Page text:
Does anyone know if there's a union operator in Excel 2010?
I have tried ;
and ,
, neither of them seems to work. For instance, =E2:E3;E4:E6
, =E2:E3,E4:E6
, {=E2:E3;E4:E6}
and {=E2:E3,E4:E6}
always return an error.
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Sign up to join this communityDoes anyone know if there's a union operator in Excel 2010?
I have tried ;
and ,
, neither of them seems to work. For instance, =E2:E3;E4:E6
, =E2:E3,E4:E6
, {=E2:E3;E4:E6}
and {=E2:E3,E4:E6}
always return an error.
Excel's 'union' operator has always been the comma* (e.g. A1:A9,F2:G4
) while its intersect operator is a single space. It's not that it doesn't work, it's just that not all Excel functions can accept this reference method.
Here are some that do:
SUM()
COUNT()
COUNTA()
SMALL()
LARGE()
MIN()
MAX()
AVERAGE()
However, when you think about it, the ,
does not exactly do mathematical union, but rather set addition. For example, =COUNT(A1,A1,A1)
returns 3
. If it were truly a union operator, this formula would return 1
.
**Some Euro-versions use the semicolon (;
) instead, depending on the computer's regional settings.*
(Further reading: Microsoft Office: Calculation operators and precedence)
SMALL((A1,B1,F1),2)
- if you don't use the internal parentheses that doesn't work - You can also use this in RANK and FREQUENCY functions
– barry houdini
Mar 23 '15 at 14:27
SUM
, AVERAGE
etc. functions allow up to 255
arguments I doubt this is as helpful as it might have been once.....but another use of the union is to allow more discontiguous cells to be used e.g. =SUM(A1,B1,F1)
is using 3 references while =SUM((A1,B1,F1))
is only 1
– barry houdini
Mar 23 '15 at 14:30
=(A2,C8,C10) A2
will give the intersection of A2
and (A1,C8,C10)
just to give an insane example. Note that in general you'll want to avoid this
– dtech
Jun 23 '15 at 11:51
LINEST
and this answer doesn't work.
– Maciej Piechotka
Oct 25 '17 at 21:20
If you want to sum values, you can write this:
=SUM(I3:M3;I4:M4;I5:M5)
If you want to merge texts, you can write this (or use your mouse as @soandos says):
=CONCATENATE(A1;B1;C1;D1)
It looks like you want to write . But, as I know, it is not possible (gives error).=CONCATENATE(A1:D1)
The question is not too clear, but for now, it seems like you have to merge texts. So for instance – as per your example if you have to union E2, E3, E4, E5, E6 you can write a formula like:
=CONCATENATE(E2,E3,E4,E5,E6)
I tried it myself: You have to individually describe cells. ":" This is not working for me too in Concatenate. So you should try as explained above.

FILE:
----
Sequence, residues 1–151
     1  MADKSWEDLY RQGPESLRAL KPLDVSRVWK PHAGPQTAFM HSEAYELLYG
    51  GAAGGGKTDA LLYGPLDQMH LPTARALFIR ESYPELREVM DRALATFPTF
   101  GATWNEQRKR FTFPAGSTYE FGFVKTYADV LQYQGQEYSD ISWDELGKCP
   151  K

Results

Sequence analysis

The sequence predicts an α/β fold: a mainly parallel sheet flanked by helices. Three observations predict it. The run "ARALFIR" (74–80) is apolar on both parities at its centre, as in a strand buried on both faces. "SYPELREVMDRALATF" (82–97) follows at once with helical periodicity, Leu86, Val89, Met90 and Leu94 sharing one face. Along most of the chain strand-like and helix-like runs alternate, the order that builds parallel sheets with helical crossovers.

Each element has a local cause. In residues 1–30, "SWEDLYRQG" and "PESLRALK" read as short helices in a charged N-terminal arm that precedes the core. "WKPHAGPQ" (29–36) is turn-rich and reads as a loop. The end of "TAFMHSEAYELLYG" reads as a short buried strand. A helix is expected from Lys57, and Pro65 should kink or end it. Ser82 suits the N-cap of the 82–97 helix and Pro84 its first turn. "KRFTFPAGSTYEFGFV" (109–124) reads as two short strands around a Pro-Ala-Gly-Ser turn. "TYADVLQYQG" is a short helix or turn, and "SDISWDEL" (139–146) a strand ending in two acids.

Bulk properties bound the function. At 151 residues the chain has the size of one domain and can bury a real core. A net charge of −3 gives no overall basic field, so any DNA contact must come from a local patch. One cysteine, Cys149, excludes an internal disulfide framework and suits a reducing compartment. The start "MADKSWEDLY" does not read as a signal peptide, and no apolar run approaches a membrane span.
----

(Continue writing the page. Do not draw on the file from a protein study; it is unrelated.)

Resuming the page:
Else, mmdemirbas's answer perfectly explains the SUM
formula.
In short the answer is NO.
However, for some functions you can use the following workaround,
=COUNTA(B1:B3,A2:C2)-COUNTA(B1:B3 A2:C2)
Note that the ranges have one cell in common (ie intersecting). The "," is used by some functions to allow multiple range to be provided as parameter. This is not a union as this will include the intersection cell twice. It will be COUNTED TWICE. So, by subtracting the intersection you get the correct answer.
This technique should work with the following:
SUM()
COUNT()
COUNTA()
It won't work with:
SMALL()
LARGE()
The formula can be modified to work with:
AVERAGE()
It is never required with MAX and MIN
!
It's a real pain that it works like this and that there is no UNION operator.
In VBA you can write a function that create a proper union:
see here for info http://www.cpearson.com/excel/BetterUnion.aspx
ie
Function ProperUnion(ParamArray Ranges() As Variant) As Range
''''''''''''''''''''''''''''''''''''''''''''''''''''''''
' ProperUnion
' This provides Union functionality without duplicating
' cells when ranges overlap. Requires the Union2 function.
''''''''''''''''''''''''''''''''''''''''''''''''''''''''
Dim ResR As Range
Dim N As Long
Dim R As Range
If Not Ranges(LBound(Ranges)) Is Nothing Then
Set ResR = Ranges(LBound(Ranges))
End If
For N = LBound(Ranges) + 1 To UBound(Ranges)
If Not Ranges(N) Is Nothing Then
For Each R In Ranges(N).Cells
If Application.Intersect(ResR, R) Is Nothing Then
Set ResR = Union2(ResR, R)
End If
Next R
End If
Next N
Set ProperUnion = ResR
End Function